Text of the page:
QUINTA Hector Ramiro
Intra spinal administration of Netrin-1 promotes locomotor recovery after complete spinal cord transection
QUINTA, HECTOR RAMIRO
JOURNAL OF NEUROTRAUMA.
MARY ANN LIEBERT INC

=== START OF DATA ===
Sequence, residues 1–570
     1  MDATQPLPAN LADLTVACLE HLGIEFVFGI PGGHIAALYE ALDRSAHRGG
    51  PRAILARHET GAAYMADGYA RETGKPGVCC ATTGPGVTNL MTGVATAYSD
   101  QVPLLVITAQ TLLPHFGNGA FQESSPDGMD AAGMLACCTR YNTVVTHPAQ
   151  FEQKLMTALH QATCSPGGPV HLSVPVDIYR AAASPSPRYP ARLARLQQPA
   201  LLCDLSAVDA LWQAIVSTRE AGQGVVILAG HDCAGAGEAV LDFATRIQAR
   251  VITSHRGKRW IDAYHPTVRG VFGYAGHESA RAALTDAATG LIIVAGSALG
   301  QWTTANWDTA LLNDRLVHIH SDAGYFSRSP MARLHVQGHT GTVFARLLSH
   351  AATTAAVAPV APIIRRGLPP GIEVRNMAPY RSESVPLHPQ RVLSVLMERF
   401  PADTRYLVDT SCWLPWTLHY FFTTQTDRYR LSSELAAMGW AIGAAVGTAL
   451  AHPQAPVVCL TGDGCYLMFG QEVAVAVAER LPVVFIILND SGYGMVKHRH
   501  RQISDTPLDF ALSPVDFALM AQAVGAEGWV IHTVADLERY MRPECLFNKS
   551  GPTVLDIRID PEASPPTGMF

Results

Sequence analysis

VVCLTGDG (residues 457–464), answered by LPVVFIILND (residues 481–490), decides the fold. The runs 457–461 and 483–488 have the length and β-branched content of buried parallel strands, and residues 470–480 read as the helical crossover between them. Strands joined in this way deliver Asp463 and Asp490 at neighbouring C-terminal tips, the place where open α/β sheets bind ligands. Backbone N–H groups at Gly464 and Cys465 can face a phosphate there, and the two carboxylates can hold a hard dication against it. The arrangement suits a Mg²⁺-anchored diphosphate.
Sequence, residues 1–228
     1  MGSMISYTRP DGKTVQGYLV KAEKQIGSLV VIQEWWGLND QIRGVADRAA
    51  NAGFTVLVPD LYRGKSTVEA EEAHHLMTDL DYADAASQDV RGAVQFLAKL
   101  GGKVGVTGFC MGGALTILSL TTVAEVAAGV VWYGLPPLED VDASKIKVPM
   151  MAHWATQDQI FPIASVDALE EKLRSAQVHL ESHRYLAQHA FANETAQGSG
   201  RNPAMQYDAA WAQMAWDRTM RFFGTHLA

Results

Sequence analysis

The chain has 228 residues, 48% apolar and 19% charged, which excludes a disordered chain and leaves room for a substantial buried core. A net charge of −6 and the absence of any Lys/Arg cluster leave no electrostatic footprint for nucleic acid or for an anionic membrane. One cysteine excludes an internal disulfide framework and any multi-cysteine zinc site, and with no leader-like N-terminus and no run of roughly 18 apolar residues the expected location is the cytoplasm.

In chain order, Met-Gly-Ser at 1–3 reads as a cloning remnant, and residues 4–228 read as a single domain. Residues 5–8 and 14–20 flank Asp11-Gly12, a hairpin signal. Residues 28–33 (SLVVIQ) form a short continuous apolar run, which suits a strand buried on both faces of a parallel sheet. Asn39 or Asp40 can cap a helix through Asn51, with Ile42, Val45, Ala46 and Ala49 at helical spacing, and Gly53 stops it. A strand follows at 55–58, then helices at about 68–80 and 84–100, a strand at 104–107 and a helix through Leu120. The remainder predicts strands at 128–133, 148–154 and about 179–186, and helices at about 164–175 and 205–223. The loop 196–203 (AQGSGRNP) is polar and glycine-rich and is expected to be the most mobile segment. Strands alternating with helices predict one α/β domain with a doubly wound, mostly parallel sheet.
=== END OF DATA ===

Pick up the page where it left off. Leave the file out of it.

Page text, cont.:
Complete spinal cord lesions interrupt the connection of all axonal projections with their neuronal targets below and above of lesion site. In particular, the interruption of connections with the neurons at lumbar segments following thoracic injuries impairs voluntary body control below the injury. The failure of spontaneous re-growth of transected axons across the lesion prevents the re-connection and re-innervation of the neuronal targets. At present, the only treatment in humans that has proven to promote some degree of locomotor recovery is physical therapy. However, the success of these strategies greatly depends on the type of lesion and the level of preservation of neural tissue in the spinal cord after injury. That is why it is key to design strategies to promote axonal re-growth and neuronal re-connection. Here, we test the use of a developmental axon guidance molecule as a biological agent to promote axonal re-growth, axonal re-connection and recovery of locomotor activity after spinal cord injury (SCI). This molecule, Netrin-1, guides the growth of the Cortico-Spinal Tract (CST) during the development of the central nervous system. To assess the potential of this molecule we used a model of complete spinal cord transection in rats, at thoracic level 10-11 (Th10-11). We show that in-situ delivery of Netrin-1 at the epicenter of the lesion: (1) promotes re-growth of CST through the lesion and prevents CST die back, (2) promotes synaptic re-connection of regenerated motor and sensory axons, and (3) preserves the polymerization of the neurofilaments in the sciatic nerve axons. These anatomical findings correlate with a significant recovery of locomotor function. Our work identifies Netrin-1 as a biological agent with the capacity to promote the functional repair and recovery of locomotor function after SCI. These findings support the use of Netrin-1 as a therapeutic intervention to be tested in humans.